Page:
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# How to Solve a Differential Equation Using Integrating Factors

### First-Order Nonhomogeneous Differential Equations

In physics and engineering problems, differential equations of the form

y' + f(x)y = g(x)

often arise. These first-order nonhomogeneous equations may look difficult at first glance, but they can be quickly solved by multiplying both sides of the equation by an *integrating factor*.

The integrating factor converts the left-hand side into a derivative, so the whole problem can be solved by integration.

### The Method

First, multiply both sides of the diff. eq. by the function e^{F(x)}, where F(x) = ∫f(x) dx, or equivalently F'(x) = f(x).

e

^{F(x)}y' + e

^{F(x)}f(x)y = e

^{F(x)}g(x)

Notice that the left-hand side is now the derivative of e

^{F(x)}y by the product rule for differentiation. This means that we can rewrite the equation as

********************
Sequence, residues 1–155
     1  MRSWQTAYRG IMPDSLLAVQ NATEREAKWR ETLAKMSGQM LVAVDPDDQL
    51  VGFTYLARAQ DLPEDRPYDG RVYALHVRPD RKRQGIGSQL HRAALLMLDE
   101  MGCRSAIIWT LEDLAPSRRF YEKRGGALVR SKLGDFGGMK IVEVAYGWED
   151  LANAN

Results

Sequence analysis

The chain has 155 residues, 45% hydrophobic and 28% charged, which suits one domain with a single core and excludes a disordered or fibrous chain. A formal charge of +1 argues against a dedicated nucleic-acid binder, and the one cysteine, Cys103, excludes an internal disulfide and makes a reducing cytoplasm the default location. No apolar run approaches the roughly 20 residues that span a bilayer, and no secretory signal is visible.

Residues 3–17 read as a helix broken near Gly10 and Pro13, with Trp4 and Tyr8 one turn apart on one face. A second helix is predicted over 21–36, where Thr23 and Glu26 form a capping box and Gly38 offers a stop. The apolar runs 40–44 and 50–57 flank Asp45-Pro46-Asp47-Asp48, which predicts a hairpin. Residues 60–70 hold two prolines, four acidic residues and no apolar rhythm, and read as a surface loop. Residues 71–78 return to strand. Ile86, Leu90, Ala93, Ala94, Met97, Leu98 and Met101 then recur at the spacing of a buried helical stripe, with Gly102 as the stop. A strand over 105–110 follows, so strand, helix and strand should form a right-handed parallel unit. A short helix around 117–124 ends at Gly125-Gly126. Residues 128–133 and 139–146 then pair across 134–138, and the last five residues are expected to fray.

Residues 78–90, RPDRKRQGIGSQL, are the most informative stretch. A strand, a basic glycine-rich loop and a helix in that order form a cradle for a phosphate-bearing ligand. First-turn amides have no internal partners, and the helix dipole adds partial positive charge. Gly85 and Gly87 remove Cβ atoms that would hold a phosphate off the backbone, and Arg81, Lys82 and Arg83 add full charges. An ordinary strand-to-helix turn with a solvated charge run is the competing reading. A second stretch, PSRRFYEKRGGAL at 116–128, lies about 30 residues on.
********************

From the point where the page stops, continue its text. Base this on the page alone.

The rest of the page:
[e

^{F(x)}y]' = [∫e

^{F(x)}g(x) dx]'

And now it can be solved by integration and simple algebra:

e

^{F(x)}y = ∫e

^{F(x)}g(x) dx

y = [∫e

^{F(x)}g(x) dx]/e

^{F(x)}

### Example 1

Solve y' + 4x^{3}y = e

^{x-x4}. In this case, the integrating factor is e

^{x4}since the integral of 4x

^{3}is x

^{4}. So we have

y' + 4x

^{3}y = e

^{x-x4}

e

^{x4}y' + e

^{x4}4x

^{3}y = e

^{x}

[e

^{x4}y]' = [e

^{x}]'

e

^{x4}y = e

^{x}+ c

y = e

^{x-x4}+ ce

^{-x4}

### Example 2

Solve y' - (1/x)y = ln(x). First, since the anti-derivative of -1/x is -ln(x), we determine that the integrating factor is e^{-ln(x)}= 1/x.

y'/x - y/x

^{2}= ln(x)/x

y/x = (1/2)ln(x)

^{2}+ c

y = (x/2)ln(x)

^{2}+ cx

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